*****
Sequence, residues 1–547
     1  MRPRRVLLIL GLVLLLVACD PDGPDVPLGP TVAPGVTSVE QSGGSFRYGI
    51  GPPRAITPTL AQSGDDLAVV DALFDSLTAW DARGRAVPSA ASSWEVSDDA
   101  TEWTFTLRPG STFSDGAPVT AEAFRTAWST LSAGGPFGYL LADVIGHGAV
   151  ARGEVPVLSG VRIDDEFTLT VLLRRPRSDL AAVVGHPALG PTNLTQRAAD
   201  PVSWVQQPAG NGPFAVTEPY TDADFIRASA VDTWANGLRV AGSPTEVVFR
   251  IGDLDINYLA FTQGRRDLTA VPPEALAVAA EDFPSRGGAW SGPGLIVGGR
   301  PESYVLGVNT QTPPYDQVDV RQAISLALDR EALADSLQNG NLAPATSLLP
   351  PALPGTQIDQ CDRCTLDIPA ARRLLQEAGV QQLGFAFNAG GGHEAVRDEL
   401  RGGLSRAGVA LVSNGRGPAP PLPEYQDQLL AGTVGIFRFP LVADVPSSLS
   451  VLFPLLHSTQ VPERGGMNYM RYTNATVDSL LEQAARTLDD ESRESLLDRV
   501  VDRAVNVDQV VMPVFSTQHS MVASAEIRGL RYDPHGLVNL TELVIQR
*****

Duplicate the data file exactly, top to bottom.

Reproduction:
Sequence, residues 1–547
     1  MRPRRVLLIL GLVLLLVACD PDGPDVPLGP TVAPGVTSVE QSGGSFRYGI
    51  GPPRAITPTL AQSGDDLAVV DALFDSLTAW DARGRAVPSA ASSWEVSDDA
   101  TEWTFTLRPG STFSDGAPVT AEAFRTAWST LSAGGPFGYL LADVIGHGAV
   151  ARGEVPVLSG VRIDDEFTLT VLLRRPRSDL AAVVGHPALG PTNLTQRAAD
   201  PVSWVQQPAG NGPFAVTEPY TDADFIRASA VDTWANGLRV AGSPTEVVFR
   251  IGDLDINYLA FTQGRRDLTA VPPEALAVAA EDFPSRGGAW SGPGLIVGGR
   301  PESYVLGVNT QTPPYDQVDV RQAISLALDR EALADSLQNG NLAPATSLLP
   351  PALPGTQIDQ CDRCTLDIPA ARRLLQEAGV QQLGFAFNAG GGHEAVRDEL
   401  RGGLSRAGVA LVSNGRGPAP PLPEYQDQLL AGTVGIFRFP LVADVPSSLS
   451  VLFPLLHSTQ VPERGGMNYM RYTNATVDSL LEQAARTLDD ESRESLLDRV
   501  VDRAVNVDQV VMPVFSTQHS MVASAEIRGL RYDPHGLVNL TELVIQR